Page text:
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Title: Effects of exploitative and exploratory R&D on firm performance : the role of firm- and industry-specific contingencies
Author: Mavroudi, Evangelia
ISNI:       0000 0004 7654 627X
Awarding Body: University of Leeds
Current Institution: University of Leeds
Date of Award: 2018
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Drawing from organizational learning theory, this PhD thesis explores the relationship between exploratory and exploitative R&D and firm performance and advances prior knowledge by specifying how firm- and industry-specific contingencies influence this relationship. Research on ambidexterity suggests that firms should balance exploratory and exploitative R&D activities for enhancing their performance (i.e. invest significantly in both activities). Yet, exploitative R&D (which relies on existing knowledge and old certainties and includes activities and structures that focus on efficiency) and exploratory R&D (which requires distant knowledge and includes activities and structures that rely on experimentation) are two antithetical activities with distinctively different knowledge requirements and outcomes. We therefore posit that specialization rather than ambidexterity might be more beneficial for the performance of some firms. Accordingly, in the context of R&D, we examine how balance versus specialization in exploratory R&D and exploitative R&D affect firm performance. In the first empirical chapter, we test and make a direct comparison between specialization in either exploratory or exploitative R&D and ambidextrous R&D strategies. This chapter also identifies whether and how the returns to exploratory and exploitative R&D vary for those firms that adopt a specialization versus an ambidextrous strategy. It advances thus scholarly understanding of how certain mechanisms affect the returns from specializing in exploratory or exploitative R&D and consequently firm performance. The second empirical chapter contributes to the literature on exploration and exploitation by identifying which specialization strategy (exploratory or exploitative R&D) and under what conditions is more beneficial for firm performance. Drawing from industrial organization economics, our analysis shows that this depends on industry orientation (a typology we develop that captures cross-industry variations in the concentration of exploratory and exploitative R&D activities). In the third empirical chapter, we contribute to our understanding of the phenomenon by examining how firms change their specialization strategies over time. We propose that firm performance depends on the speed at which firms switch between specialization strategies in a given timeframe and examine how the speed of such changes affect firm performance. This chapter offers thus an explanation that accounts for performance differentials across firms that change at different speeds and in different contexts. We test our framework and hypotheses using a longitudinal dataset of 32,537 observations. The analysis mainly supports our theoretical predictions, indicating that the effects of specialization in exploratory/exploitative R&D depend upon both firm and industry- specific dynamics that either accentuate or weaken the effects of exploratory and exploitative R&D investments.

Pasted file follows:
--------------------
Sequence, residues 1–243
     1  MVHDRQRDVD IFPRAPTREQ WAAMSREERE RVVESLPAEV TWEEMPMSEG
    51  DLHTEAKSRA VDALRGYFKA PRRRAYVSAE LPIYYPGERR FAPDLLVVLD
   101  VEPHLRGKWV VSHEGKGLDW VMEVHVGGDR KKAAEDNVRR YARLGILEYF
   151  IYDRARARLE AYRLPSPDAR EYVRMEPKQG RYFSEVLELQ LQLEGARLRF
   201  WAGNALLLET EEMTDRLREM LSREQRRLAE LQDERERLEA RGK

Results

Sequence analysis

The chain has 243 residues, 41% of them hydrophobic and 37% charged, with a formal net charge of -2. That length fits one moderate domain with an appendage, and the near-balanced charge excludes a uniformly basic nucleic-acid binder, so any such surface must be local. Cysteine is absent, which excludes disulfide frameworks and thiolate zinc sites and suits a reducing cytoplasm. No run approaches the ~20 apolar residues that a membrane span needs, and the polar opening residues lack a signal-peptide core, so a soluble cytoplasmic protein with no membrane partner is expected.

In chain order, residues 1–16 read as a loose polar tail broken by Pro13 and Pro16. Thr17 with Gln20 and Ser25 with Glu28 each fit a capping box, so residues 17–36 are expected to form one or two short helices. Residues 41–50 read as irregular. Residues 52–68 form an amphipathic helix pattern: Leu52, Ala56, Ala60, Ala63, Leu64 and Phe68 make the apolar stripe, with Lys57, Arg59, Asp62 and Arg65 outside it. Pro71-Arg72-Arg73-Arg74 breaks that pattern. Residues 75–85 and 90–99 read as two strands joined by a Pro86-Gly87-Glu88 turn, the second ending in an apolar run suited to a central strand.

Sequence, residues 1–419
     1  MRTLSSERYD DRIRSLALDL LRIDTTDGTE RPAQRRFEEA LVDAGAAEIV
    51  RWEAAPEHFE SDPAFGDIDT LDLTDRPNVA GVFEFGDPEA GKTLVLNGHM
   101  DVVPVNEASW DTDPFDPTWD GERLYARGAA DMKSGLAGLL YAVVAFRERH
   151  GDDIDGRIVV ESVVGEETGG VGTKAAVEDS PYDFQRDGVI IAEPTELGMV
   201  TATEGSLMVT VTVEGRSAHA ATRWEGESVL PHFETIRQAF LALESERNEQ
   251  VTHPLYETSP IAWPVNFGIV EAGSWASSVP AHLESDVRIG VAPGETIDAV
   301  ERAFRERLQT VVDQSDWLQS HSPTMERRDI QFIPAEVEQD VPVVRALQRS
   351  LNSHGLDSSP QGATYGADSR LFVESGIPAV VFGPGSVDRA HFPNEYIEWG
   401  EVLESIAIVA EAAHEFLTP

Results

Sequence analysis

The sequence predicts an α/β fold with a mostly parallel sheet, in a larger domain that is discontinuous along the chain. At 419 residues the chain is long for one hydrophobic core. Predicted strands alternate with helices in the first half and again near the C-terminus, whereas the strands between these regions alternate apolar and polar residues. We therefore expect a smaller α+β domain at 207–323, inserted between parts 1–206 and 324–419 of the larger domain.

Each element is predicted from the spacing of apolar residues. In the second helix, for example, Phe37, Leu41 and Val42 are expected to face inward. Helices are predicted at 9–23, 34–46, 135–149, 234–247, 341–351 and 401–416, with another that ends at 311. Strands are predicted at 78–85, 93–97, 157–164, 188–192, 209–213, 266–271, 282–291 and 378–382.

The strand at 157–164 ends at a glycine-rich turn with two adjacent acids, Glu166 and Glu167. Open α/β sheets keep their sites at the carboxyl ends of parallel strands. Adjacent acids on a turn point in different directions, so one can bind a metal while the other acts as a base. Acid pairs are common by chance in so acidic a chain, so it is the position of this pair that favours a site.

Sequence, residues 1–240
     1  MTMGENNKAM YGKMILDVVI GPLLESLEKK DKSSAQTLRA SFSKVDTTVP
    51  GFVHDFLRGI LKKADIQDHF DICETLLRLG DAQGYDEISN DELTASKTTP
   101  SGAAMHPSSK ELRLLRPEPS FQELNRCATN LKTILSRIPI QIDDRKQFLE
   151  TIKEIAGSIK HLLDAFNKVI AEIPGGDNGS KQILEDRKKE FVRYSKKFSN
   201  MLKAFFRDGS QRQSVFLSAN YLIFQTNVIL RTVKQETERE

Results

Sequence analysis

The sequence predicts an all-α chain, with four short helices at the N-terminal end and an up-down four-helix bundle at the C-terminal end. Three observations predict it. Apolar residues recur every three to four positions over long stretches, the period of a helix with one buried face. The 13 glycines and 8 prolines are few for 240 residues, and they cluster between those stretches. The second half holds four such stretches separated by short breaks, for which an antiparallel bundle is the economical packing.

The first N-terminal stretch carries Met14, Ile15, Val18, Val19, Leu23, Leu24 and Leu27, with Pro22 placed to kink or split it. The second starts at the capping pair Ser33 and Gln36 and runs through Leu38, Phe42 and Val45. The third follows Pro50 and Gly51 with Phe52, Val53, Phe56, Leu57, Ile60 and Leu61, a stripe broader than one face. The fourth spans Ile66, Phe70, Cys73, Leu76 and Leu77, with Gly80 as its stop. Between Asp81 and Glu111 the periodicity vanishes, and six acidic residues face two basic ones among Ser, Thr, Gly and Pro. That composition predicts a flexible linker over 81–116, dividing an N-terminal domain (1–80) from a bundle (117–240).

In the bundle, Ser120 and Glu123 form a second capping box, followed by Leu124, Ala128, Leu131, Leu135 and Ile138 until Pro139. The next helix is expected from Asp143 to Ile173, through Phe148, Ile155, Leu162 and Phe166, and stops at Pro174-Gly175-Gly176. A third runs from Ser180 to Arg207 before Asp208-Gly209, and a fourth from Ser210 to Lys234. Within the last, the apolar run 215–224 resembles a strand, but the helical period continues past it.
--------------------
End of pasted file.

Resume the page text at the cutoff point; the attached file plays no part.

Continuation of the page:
Supervisor: Kesidou, Effie ; Pandza, Krsto Sponsor: ESRC
Qualification Name: Thesis (Ph.D.) Qualification Level: Doctoral
EThOS ID:  DOI: Not available